Tip the dough onto a lightly floured surface and knead for 10 to 15 minutes until smooth and elastic.
Put the dough in a large, clean, oiled bowl. Cover with oiled clingfilm and leave in a warm place until it has doubled in size.Then knead the dough for 1 minute and divide it into two-thirds and a third. Shape the pieces into rounds. Cover them and leave for 5 minutes.
Put the smaller round on top of the larger one. Push a floured wooden spoon (or your fingers) through the centre of both rounds, to join them together. Take a very sharp knife and make cuts all around the top round and the bottom round ~ see my photos. Put the cottage loaf on a lightly floured baking tray, cover and leave for about 45 minutes, or until it has doubled in size. Meanwhile preheat the oven to 220C/440F/Gas 7.
Beat the egg with a tablespoon of water and a pinch of salt. Brush the glaze over the cottage loaf and bake for about 35 to 45 minutes, until dark golden brown and hollow sounding when tapped beneath.
Cool before slicing. Delicious served with butter, jam, cheese, cold meats or make sandwiches or toast for picnics and breakfast.
That’s all for today, see you tomorrow with a sweet treat!
What a beautiful loaf, Karen. A little late, but Happy New Year!
From Beyond My Kitchen Window says
That is one gorgeous loaf of bread. I also love the recipe for the Ploughmans lunch.
Beth Sachs says
You can't beat a good ploughmans….I may just have to have ploughmans for my lunch
Swedish Mike says
This looks just amazing. You just made me long for a good ploughmans.
Might have to adjust my lunch plans a bit! Thanks for the inspiration.
Oh my gosh, I am sat at my desk drooling! That bread is utter perfection. Really regretting the low carb/no dairy diet I've put myself on. 🙂
Karen S Booth says
Happy New Year Sylvie! Hope 2012 is a good one for you!
Thanks From Beyond My Kitchen Window ~ can't beat a Ploughman and his lunch!
I agree Beth, enjoy of you have one today!
Thanks Swedish Mike, something very elemental about food like this.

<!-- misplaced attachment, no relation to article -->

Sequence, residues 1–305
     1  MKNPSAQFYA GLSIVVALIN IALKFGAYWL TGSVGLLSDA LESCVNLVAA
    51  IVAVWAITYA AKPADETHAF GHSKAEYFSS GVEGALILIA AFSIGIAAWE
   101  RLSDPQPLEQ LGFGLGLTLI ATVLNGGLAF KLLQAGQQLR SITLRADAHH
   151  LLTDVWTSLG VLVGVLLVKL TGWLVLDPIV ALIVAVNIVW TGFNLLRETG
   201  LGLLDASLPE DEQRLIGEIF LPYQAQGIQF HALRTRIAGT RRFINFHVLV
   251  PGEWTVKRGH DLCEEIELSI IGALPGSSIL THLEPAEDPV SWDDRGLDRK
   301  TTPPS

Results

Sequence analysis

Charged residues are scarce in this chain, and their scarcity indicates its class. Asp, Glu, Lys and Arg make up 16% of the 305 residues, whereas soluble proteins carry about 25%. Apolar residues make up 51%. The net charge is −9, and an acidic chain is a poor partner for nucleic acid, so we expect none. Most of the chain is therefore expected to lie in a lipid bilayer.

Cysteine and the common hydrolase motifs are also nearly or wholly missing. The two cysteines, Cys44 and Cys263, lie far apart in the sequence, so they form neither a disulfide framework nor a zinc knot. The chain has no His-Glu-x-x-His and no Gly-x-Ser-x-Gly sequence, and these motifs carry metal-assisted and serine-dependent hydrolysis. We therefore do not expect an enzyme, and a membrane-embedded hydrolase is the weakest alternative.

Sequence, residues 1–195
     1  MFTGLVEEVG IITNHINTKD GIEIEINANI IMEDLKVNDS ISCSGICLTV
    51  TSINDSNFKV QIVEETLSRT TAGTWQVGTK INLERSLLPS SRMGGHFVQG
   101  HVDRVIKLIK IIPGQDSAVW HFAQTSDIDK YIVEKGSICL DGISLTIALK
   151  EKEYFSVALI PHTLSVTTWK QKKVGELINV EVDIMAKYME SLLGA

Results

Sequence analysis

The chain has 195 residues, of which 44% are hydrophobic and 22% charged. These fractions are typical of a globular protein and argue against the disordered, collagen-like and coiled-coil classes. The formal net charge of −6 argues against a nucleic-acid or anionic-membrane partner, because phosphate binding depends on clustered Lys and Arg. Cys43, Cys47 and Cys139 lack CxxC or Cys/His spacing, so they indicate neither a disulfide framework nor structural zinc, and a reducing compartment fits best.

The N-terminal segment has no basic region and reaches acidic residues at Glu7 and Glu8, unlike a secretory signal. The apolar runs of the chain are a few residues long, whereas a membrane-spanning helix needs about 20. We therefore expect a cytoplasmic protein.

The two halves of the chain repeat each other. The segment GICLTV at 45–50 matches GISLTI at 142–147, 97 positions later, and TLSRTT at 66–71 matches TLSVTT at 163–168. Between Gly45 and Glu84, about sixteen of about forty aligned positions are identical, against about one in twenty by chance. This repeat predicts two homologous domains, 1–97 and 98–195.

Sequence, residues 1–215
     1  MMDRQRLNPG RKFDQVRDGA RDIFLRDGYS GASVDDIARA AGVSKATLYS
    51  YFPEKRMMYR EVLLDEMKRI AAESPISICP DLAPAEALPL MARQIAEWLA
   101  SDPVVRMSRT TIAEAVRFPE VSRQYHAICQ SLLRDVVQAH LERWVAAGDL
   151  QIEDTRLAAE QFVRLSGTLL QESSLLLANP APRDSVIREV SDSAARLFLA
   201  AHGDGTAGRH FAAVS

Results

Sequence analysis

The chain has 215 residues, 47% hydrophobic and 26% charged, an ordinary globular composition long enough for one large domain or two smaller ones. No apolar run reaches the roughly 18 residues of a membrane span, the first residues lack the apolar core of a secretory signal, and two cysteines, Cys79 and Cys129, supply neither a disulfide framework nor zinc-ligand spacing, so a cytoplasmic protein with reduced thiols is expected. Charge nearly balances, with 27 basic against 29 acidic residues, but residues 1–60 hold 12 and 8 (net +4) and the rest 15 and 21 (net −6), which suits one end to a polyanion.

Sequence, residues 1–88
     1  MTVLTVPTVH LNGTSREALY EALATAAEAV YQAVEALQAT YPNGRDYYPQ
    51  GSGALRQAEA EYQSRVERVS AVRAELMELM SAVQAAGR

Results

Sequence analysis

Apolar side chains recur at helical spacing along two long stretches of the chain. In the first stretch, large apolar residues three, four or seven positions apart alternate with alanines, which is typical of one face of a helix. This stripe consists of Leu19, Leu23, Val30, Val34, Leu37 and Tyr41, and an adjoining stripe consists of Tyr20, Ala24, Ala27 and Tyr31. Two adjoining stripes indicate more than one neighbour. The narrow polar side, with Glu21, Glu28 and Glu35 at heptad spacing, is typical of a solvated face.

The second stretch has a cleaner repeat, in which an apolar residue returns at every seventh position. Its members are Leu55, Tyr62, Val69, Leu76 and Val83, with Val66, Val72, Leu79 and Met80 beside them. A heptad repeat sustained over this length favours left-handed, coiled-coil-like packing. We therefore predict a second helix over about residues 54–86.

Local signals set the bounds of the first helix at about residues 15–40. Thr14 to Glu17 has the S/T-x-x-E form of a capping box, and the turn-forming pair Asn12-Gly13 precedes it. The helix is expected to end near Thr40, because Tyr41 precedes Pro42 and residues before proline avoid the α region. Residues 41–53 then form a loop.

Thanks Jemma, Hmm, cannot say ditch the bread, as you cannot have cheese too, maybe one or the other!
Inspired by eRecipeCards says
Dinner and a show when I visit your blog. Love the stories that go with these classics. Both dishes look gorgeous and sound so wonderful. Just love the look of the bread with that "hat"!
A Trifle Rushed says
What a beautiful cottage loaf, I'm so impressed. The ploughman's looks scrumptious too. Jude x
Cathy at Wives with Knives says
Lovely post, Karen. I have heard of a ploughman's lunch and now I know exactly what it is. Good bread and cheese is one of my favorite meals.
Kentish Keg-Meg says
Ploughman's Lunch for me is good at anytime. Sometimes have this to eat later in the day. Then a Cottage Loaf recipe wow what a fabulous post for Plough Monday.
What a wonderful post, a wonderful loaf and those pickled onions – I haven't had one in ages and now have a real craving.
I do love a Ploughman's lunch Karen and that loaf looks fantastic! Well done!
You are such a fount of knowledge, I've never heard of Plough Monday. I'd be very happy with a ploughman's lunch with some of your bread – only can I swap the pickled onions for an apple please?
YOu are making me sooo hungry! Love all that stuff and I'm a sucker for pickles.
Your cottage loaf is beautiful – you don't see them about much anymore, although this shape used to be common. I'd never heard of Plough Monday – it's a reminder of a time when our lives revolved around food production – it would be good to make this more of a focus now.
A Ploughmans lunch is very under-rated, I think it has been turned into a salad by many pubs…simple is best in my opinion. A good hunk of the best cheese, bread, pickled onions and an apple. Hmmm think that might be my lunch today.
Love this, it certainly commands centre of attention in the picture!
I know from experience that this is a fabulous Cottage Loaf recipe–I found it 2 1/2 years ago on Recipezaar and have since adapted it for my bread machine. I've made it dozens and dozens of times. It's delicious.
AJ LOVAGE says
I’ve jus came across your website ad I can’t wait to make loaf and your ploughman’s lunch as we got a picnic this week ,
Great! Ploughman’s Lunch is one of my favourite picnic meals…..I hope you enjoy it!
What an amazing looking loaf of bread! I will make it soon, how could I resist? Thanks for the recipe!!!
P.S. You “proof” yeast to prove that it is viable. Minor error, just wanted to let you know…
Karen Burns-Booth says
I am English and we use the word “Prove” not “Proof”!!
I see the word proof a lot, but we use the word prove here in the UK.
Thanks for your kind comments though 🙂